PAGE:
Sign up now for a pre-conference workshop at the 2017 Assessment, Teaching, and Learning Conference. No matter what your background or experience level with the topic, each three hour session features dynamic facilitators who have selected tools and activities you can bring back to your campus and use on Monday!
Facilitator: Debi Jenkins, Clark College
Multiculturalism. Anti-Bias. Inclusion. Diversity. Equity. Achievement gaps. Opportunity gaps. Learning Gaps.
Are you an educator committed to social justice and helping all students succeed?
Do you feel frustrated, overwhelmed, or confused by all of the different terminology?
Do you wonder if all those terms and concepts are interchangeable? If they are different . . . then how?
Most importantly, do you struggle to understand which one is “right” one for your teaching and for the students in your classroom and how those abstract concepts will help you figure out what to do in class on Monday?
During this workshop, you’ll have the opportunity to learn how to use the terms and concepts listed above; self-assess how well you currently bridge gaps between your instruction and your students; ensure your pedagogy, curriculum, and classroom materials are equity-producing; and form a clear vision for where you need to go. Come with your questions . . . leave with answers and strategies!
Facilitators: Gretchen Robertson and Kip Zwolenski, Skagit Valley College
Skagit Valley College views guided pathways as an opportunity to create a more equitable institution. To ensure that equity remains at the forefront of guided pathways, faculty started an Inclusive Pedagogy Faculty Learning Community (FLC). While most instructors strive to create welcoming classrooms, there are often structural, procedural, cultural, and/or curricular elements of practice that overlook the needs of diverse students. These elements are influenced by implicit biases. Becoming a more inclusive educator is an on-going, collaborative process that involves understanding theoretical views of learning, advocating for students, assessing for equity, building community, validating diverse knowledge, and sharing power in the classroom.
For this workshop, we will be building off of our Student Success Institute workshop, which we presented earlier this academic year. As we enter our second year of facilitating the faculty learning community, we are investigating questions of organizational change and individual motivation to create a meaningful and sustainable learning environment. As stated in the description above, Inclusive Pedagogy is not just an individual approach to teaching. Instead, it is at the core of our guided pathways work. We seek to accomplish campus-wide inclusion through the integration of critical cultural theory, change theory, and a spectrum of psychological motivation theory.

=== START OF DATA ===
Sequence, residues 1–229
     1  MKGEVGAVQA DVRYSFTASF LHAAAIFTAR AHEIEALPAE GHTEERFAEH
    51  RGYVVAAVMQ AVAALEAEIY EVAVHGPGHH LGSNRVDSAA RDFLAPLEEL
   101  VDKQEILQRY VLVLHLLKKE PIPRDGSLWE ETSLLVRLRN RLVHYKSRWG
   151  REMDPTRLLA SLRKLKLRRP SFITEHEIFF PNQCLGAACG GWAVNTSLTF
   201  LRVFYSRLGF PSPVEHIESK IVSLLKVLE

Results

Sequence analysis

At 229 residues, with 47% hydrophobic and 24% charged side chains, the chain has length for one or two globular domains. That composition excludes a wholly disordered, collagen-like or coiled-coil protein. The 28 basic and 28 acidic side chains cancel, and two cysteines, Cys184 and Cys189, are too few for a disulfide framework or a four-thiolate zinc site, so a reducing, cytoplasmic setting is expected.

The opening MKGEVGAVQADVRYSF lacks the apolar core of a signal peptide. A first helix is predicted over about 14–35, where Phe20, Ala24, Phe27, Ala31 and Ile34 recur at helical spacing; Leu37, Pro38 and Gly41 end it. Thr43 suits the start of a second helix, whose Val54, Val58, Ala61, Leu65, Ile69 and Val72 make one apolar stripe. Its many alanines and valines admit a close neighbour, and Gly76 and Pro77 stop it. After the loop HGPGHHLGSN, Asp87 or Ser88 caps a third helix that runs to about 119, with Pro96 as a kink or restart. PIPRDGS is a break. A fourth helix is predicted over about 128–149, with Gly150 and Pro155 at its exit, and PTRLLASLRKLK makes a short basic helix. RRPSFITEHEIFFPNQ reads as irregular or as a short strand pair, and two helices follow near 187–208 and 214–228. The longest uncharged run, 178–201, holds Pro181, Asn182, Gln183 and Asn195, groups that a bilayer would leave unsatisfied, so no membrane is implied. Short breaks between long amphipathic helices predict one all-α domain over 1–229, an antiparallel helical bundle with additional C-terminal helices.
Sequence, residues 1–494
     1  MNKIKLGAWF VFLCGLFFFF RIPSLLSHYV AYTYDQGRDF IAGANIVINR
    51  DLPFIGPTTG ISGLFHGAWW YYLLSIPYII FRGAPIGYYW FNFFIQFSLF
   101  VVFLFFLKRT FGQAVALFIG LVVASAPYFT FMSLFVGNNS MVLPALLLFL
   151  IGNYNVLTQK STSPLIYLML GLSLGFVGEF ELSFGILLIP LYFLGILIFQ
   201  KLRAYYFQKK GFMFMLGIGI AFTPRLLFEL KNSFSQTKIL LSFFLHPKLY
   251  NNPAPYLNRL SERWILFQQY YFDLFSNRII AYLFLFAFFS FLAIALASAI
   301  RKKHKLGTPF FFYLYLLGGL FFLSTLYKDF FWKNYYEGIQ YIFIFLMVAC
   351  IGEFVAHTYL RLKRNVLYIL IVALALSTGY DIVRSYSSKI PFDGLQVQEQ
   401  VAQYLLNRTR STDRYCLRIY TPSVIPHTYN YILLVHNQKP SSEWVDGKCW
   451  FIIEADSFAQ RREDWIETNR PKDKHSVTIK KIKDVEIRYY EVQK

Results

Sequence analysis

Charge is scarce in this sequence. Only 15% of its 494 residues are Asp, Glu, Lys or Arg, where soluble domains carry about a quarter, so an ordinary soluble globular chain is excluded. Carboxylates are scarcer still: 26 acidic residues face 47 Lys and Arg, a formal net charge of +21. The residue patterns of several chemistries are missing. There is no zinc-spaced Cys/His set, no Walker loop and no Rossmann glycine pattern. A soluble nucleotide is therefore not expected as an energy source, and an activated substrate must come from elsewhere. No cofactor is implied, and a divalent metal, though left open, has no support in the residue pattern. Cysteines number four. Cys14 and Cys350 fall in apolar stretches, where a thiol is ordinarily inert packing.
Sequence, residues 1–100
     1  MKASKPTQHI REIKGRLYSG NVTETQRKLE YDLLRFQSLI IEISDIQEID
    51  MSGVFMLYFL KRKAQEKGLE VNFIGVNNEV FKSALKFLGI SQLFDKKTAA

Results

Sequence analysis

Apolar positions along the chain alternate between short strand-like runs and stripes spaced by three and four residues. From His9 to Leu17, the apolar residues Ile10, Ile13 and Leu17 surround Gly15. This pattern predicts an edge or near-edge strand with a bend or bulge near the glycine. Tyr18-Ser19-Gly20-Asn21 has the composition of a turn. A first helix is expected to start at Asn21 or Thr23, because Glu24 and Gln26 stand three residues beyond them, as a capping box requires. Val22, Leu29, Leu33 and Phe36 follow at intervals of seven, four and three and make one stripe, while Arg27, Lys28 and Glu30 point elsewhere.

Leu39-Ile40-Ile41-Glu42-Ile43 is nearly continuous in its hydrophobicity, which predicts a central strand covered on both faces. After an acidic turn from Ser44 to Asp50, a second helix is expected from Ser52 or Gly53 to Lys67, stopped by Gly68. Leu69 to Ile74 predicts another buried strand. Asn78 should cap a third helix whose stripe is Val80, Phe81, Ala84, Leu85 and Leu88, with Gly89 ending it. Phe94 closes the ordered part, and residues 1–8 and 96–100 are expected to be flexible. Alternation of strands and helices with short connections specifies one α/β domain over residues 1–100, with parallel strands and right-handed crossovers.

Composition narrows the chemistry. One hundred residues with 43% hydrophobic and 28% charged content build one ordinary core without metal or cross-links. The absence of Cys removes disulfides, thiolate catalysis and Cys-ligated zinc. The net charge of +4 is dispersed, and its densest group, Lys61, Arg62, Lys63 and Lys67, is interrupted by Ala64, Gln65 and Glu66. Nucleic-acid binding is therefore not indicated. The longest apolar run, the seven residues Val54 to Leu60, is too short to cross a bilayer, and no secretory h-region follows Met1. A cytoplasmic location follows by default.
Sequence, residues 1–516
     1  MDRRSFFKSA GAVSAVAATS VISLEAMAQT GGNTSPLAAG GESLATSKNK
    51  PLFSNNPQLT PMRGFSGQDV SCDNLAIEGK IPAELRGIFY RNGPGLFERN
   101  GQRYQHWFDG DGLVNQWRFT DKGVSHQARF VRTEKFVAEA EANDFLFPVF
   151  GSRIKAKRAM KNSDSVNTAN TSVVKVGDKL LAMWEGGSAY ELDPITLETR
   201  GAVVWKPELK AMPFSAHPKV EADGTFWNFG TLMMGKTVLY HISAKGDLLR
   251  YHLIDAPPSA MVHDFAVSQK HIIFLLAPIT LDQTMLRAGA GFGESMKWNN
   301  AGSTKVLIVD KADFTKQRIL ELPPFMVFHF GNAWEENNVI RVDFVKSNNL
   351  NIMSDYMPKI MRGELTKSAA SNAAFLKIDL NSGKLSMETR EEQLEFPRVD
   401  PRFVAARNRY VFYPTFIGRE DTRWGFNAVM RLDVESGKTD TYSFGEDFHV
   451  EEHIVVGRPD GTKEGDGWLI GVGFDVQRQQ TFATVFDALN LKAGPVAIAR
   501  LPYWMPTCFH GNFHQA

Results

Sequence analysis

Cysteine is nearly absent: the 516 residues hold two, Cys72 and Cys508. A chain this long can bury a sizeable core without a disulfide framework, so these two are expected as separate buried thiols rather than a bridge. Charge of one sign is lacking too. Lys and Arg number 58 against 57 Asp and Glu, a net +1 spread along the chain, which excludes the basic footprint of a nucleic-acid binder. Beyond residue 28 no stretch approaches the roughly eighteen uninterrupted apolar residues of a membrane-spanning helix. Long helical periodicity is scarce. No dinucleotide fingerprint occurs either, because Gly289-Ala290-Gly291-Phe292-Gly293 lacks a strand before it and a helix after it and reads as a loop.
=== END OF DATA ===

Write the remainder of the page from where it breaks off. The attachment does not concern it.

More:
Facilitators: Ira Gardner and Sarah Martin, Spokane Falls Community College
Learning analytics is a powerful tool for tracking learner performance, assessing learning outcomes, and providing feedback on course design. As learners engage in a course, vital pieces of data on course progression, discussion board participation, and log-in frequency are recorded. Instructors can harness these digital breadcrumbs to track and analyze connections between learner behavior and learner success at assignment and course levels. Furthermore, learning analytics provide assessment data for measuring learning outcomes and informing course design after a class term has ended.
Learning analytics is applicable to all instructional modalities and disciplines; therefore, we will begin with an introduction to learning analytics, followed by a discussion of the application of learning analytic data to course design and delivery. Since the heart of learning analytics centers on utilizing data to inform pedagogical practice, the workshop features an interactive component on capturing, interpreting, and applying the data, as well as how to maintain ‘learning’ in learning analytics through different levels of assessment. Participants will leave the workshop with foundational knowledge and an outline for how to successfully integrate and apply learning analytics to their courses.
Are you interested in learning more about integrating student voices into the pathways design at your college?
Do you need practical strategies around the fourth design principle of a guided pathways implantation — ensuring student learning?
The Community College Survey of Student Engagement (CCSSE) provides invaluable data that can help your institution improve the quality of student experiences. Learn how your college can begin to assess its guided pathways implementation in the classroom, and hear how pathways has changed the implementation of teaching and learning at a college outside Washington State. During this session, you’ll be introduced to a powerful tool to take back to your institution — the Pathways Tool Kit. You’ll also participate in a prediction exercise to experience how CCSSE data can help you and your institution strengthen teaching and learning. Participants are encouraged to attend in teams of three to five staff members from a college (college presidents, vice-presidents, deans, faculty members, institutional researchers, etc.).
Last Modified: 10/9/17 11:43 AM